The Chinese regime is at risk of “being too closely aligned” with Russia following its invasion of Ukraine, a UK intelligence chief said on Thursday.
In a rare public address during a visit to Australia, Sir Jeremy Fleming, the head of Britain’s GCHQ intelligence agency, said China will not be “well served” by a close alliance with a regime that “wilfully and illegally” ignores all global rules and norms.
His intervention comes after Prime Minister Boris Johnson last week directly confronted President Xi Jinping over Beijing’s stance on the conflict in Ukraine in what was described as a “frank and candid” discussion.
Speaking at the Australian National University in Canberra, Fleming said Russia “has made a strategic choice to align with China as China has become more powerful and in direct opposition to the United States.”
“In the current crisis, Russia sees China as a supplier of weapons, as a provider of technology, a market for its hydrocarbons, and as a means to circumvent sanctions,” he said.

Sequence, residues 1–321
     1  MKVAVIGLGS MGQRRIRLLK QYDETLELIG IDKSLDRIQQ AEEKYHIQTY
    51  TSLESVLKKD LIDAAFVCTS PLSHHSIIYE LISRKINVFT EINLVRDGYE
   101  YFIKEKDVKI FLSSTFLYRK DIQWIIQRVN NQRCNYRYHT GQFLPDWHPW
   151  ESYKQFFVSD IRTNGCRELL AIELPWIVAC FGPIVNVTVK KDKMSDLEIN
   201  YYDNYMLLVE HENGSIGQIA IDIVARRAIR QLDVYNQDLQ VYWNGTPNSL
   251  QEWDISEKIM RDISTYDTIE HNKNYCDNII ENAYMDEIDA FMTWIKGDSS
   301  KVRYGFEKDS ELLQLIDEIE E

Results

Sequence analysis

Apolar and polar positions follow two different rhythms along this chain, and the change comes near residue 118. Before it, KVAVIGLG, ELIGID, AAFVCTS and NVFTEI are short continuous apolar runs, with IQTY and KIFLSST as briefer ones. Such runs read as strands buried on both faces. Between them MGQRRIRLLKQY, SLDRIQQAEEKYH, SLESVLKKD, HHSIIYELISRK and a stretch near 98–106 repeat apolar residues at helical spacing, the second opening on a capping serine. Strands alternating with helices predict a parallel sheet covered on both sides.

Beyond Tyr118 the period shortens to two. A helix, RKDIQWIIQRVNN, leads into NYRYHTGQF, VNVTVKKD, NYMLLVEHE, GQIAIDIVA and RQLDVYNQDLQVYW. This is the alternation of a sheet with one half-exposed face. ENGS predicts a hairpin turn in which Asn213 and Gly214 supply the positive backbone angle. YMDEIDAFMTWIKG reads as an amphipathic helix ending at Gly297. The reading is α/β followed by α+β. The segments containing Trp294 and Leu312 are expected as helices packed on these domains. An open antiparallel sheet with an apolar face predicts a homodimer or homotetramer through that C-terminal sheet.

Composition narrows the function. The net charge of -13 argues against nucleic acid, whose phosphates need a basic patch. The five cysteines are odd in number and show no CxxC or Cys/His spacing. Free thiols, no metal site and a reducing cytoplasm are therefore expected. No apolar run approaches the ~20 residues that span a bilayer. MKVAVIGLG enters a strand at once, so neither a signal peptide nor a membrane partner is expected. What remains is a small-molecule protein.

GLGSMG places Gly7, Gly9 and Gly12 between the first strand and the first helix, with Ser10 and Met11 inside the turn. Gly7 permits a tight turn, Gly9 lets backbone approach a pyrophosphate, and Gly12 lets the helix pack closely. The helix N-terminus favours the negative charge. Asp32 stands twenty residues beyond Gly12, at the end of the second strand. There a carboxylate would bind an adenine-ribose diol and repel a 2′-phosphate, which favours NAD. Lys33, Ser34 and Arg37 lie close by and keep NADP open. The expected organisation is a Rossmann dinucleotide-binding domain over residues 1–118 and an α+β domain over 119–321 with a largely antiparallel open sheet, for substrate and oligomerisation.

Fleming said Chinese leader Xi Jinping’s calculus is “more nuanced.”
“He’s not publicly condemned the invasion, presumably calculating that it helps him oppose the U.S. And, with an eye on re-taking Taiwan, China doesn’t want to do anything which may constrain its ability to move in the future.”
At the same time, Beijing is taking the opportunity to purchase cheap Russian hydrocarbons while Moscow provides additional impetus and support to its digital markets and technology plans.
But Fleming suggested Russia understands the risks of an overly close relationship with China. “Russia understands that long term, China will become increasingly strong militarily and economically. Some of their interests conflict—Russia could be squeezed out of the equation.”
On the conflict in Ukraine, Fleming said Russian President Vladimir Putin had “massively misjudged the situation.”
He said: “It’s clear he misjudged the resistance of the Ukrainian people. He underestimated the strength of the coalition his actions would galvanise. He underplayed the economic consequences of the sanctions regime. He overestimated the abilities of his military to secure a rapid victory.”
The intelligence chief said there have been reports of “Russian soldiers—short of weapons and morale—refusing to carry out orders, sabotaging their own equipment, and even accidentally shooting down their own aircraft.”
“And even though we believe Putin’s advisers are afraid to tell him the truth, what’s going on and the extent of these misjudgements must be crystal clear to the regime,” he said.
PA Media contributed to this report.